Monday, 25 August 2014

Albums and B sides

Hello internet.  I’m back once again with another random musing on what I’ve learned from making games. This time round I’m going to set up an analogy and then torture it to death: Putting a game together can be a lot like mixing an album!

So I have pretty much completed development on our latest game, right now it has a grand total of 14 levels, each one of them with different mechanic or twist on the main game. 

Individually I’m happy with each of these sections.  They’re all debugged and tuned up to be as good as they can be on their own merits but now it’s time to think of how they hang together as a whole.

…and that’s where this whole album business come.  What I have is a set of pieces: some easy, some hard, some (hopefully) funny and so on.  Also the mechanics are all over the place, some just pop out of nowhere whereas others are pretty boilerplate to the game’s main theme.

If I just chucked them out in the order that I’d written them then it’d just come across as a disjointed mess. Instead the idea is to arrange them in such a way that they flow seamlessly from one experience to another along an overall arc.

It turns out that doing this is one hell of a balancing act.  Here’s a sample of the decisions that I and the rest of the team have been wrestling with:


The game should get harder over time.  You want a relatively straightforward opening level to get the player in to the swing of things but then what do you do next? The player is naturally going to get better at the game the more they play so you have to move with them.  Keep the levels too easy and they won’t perceive a challenge and wander off… make them too hard to quickly and they’ll hit a brick wall, get frustrated and again wander off. 

So you have to judge the difficulty curve right but even that isn’t enough… if the curve itself is smooth then that in itself becomes predictable, it can make you feel like you’re on a treadmill – progressing but not actually going anywhere.  MMO players reading this will be nodding right now J.  Instead I think that the ideal solution is to generally follow a curve but to spice it up a little! Every so often chuck in something solid for the player to chew on and then afterwards maybe give them an easy level as a breather.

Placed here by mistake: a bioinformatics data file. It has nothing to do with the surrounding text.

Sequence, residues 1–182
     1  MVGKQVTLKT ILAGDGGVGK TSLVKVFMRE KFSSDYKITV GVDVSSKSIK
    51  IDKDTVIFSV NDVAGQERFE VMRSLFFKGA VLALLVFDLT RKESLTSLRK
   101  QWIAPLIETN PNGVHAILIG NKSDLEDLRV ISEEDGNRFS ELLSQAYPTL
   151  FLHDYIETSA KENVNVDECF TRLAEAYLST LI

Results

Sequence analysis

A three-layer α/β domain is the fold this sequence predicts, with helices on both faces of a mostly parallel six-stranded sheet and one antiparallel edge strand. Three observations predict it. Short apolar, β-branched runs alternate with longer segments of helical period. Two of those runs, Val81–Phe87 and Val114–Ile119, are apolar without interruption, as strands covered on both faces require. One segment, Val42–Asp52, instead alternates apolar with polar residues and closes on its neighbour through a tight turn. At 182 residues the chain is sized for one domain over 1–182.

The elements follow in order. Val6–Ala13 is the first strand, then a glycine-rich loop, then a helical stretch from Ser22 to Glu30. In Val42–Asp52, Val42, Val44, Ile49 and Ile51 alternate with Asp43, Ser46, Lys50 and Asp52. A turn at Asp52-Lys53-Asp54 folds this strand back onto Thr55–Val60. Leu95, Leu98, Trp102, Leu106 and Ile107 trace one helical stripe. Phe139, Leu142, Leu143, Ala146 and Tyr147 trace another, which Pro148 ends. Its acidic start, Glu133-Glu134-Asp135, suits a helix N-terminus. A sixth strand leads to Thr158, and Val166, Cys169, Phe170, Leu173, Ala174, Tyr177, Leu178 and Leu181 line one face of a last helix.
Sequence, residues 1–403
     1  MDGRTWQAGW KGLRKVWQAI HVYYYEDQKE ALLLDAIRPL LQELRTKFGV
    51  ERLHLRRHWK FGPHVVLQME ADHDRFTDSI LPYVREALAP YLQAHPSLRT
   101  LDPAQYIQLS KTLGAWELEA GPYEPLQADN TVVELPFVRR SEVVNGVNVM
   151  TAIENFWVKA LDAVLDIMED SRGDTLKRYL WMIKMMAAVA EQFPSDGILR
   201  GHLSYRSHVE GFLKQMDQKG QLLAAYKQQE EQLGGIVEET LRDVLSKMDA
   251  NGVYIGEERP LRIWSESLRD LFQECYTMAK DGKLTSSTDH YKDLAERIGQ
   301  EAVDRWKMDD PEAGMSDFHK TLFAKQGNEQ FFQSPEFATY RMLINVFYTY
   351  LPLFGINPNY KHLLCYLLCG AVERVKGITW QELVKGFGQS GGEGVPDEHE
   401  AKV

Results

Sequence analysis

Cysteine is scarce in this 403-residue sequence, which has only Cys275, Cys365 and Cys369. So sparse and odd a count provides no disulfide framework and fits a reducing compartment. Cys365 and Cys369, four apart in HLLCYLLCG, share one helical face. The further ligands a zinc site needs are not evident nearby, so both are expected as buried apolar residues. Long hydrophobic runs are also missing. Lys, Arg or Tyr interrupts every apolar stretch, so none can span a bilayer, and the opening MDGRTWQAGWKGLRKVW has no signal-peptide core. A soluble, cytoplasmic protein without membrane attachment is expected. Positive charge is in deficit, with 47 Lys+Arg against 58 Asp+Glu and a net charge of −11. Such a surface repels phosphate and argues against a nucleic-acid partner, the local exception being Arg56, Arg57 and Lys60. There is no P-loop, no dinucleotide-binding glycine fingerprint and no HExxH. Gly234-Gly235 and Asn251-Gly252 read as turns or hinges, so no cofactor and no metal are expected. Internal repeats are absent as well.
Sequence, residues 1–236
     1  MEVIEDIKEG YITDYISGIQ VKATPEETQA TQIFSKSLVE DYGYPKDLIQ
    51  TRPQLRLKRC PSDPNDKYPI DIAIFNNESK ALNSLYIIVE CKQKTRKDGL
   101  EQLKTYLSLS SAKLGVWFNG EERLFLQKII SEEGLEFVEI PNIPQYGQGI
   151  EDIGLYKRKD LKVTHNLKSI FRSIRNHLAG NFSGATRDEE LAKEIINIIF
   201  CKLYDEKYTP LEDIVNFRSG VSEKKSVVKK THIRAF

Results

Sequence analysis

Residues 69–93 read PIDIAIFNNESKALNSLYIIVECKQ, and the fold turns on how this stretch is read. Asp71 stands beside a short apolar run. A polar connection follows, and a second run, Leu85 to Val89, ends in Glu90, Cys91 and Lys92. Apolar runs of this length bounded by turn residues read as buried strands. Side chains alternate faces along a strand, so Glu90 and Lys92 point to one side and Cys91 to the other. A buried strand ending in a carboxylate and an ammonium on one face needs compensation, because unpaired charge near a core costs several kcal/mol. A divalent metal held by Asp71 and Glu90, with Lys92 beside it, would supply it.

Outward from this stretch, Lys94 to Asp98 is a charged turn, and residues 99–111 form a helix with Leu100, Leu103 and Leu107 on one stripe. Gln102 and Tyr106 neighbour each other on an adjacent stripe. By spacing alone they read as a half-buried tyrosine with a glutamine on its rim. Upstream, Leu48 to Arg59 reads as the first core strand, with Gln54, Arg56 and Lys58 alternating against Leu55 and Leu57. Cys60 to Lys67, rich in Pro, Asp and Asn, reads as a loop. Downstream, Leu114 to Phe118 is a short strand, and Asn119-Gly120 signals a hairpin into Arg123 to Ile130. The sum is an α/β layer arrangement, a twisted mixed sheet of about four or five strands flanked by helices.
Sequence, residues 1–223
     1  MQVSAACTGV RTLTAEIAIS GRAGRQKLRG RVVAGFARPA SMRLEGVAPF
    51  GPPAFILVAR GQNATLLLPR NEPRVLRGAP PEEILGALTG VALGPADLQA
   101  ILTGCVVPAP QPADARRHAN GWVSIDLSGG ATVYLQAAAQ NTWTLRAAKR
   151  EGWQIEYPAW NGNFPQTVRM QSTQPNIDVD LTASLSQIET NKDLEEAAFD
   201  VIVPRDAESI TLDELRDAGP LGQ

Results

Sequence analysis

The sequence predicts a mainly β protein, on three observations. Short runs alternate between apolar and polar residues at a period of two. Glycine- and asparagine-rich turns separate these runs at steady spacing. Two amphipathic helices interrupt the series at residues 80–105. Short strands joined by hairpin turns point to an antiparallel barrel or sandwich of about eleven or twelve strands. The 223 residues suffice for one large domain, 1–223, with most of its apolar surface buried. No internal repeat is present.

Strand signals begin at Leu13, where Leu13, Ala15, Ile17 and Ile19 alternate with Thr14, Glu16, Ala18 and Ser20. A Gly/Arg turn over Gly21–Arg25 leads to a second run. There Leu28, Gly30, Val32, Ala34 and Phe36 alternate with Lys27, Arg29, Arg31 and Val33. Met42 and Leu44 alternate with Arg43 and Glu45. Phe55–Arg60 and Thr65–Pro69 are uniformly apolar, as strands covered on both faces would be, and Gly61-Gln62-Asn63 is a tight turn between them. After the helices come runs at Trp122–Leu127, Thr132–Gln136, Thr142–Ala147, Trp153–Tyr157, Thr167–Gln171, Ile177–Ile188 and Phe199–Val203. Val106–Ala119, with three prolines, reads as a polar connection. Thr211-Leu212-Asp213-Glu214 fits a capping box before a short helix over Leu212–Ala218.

Finally there’s a kicker to this.  I’m in the privileged position of intimately knowing exactly how the game works.  I know how the baddies think, I have played every level tens of times, I am the best person in the world at my game – so how the hell do I accurately judge difficulty for anybody else?

Well I’ve no idea.  I’ve gotten a bunch of people to playtest it but to be honest it’s mostly guesswork.  I’ll be fascinated to see how close to the mark I was when the game comes out.


Just as with difficulty, the actual experience of the game needs to be moving all the time.  If you stick with the same mechanics over and over again then you’ll slowly drain all the fun out of the experience.  Most games solve this by drip feeding in new weapons/mechanics/tools/etc. over time to keep things fresh.  To be honest this is pretty much the approach we’re taking here.  We’ve already got a mixed bag of easy/hard/funny/zany/straightforward levels so we’ve made an effort to shuffle them around so as to keep the player on their toes.

The Cut:

This is where the ‘B sides’ part of the title of this post comes in.  Out of the 14 levels I started this process with, right now it looks like only 9 of them will make it in to the main game.  So what’s wrong with the other 5? Well. Nothing really – they all play fine individually and they’re all fun and challenging in their own way… they just don’t fit in to the overall experience that I’m trying to achieve.  It’s painful to let them go but as football pundits say: there is no I in team!

On the plus side all these redundant levels can be repackaged as bonus content. If you get to the end of the game then you can take a crack at them as a semi-sadistic reward. Did I mention that some of them are really hard?


Games take fekkin ages to make. We’ve spent maybe 6 months on and off working on this one and a lot of the time we’ve been wrestling with where to set the bar in terms of production values.  Take the intro sequence, that took Mungy over 3 weeks to put together.  Yes it looks really good but if we polished the rest of the game up to that level but if we did then we’d still be building it next Christmas.  So I’ve been trying to walk a tightrope between making things nicer and wasting unnecessary time.

The result, I think, is that the presentation is sketchy in places. Hopefully though it won’t ever drag you out of the experience, and the time we saved can be used to get to work on the next game J

It’s also part of the learning process we’re going through.  We’re still very much in our infancy as a team.  One of the things that we’ve still got to nail down is how to produce and present a coherent vision of a game when we’re all running off doing our individual bits separately.  Turns out it’s quite hard to pull off!

Ratticus’ final comment

Anyway, how we did on all of these points is ultimately up to you! I hope you’ll all have fun playing ‘The Python Pythoff’ in a couple of weeks when it’s out there in the big wide world.  Maybe you’ll enjoy it maybe you won’t, either way please leave me some feedback – I’m dying to know!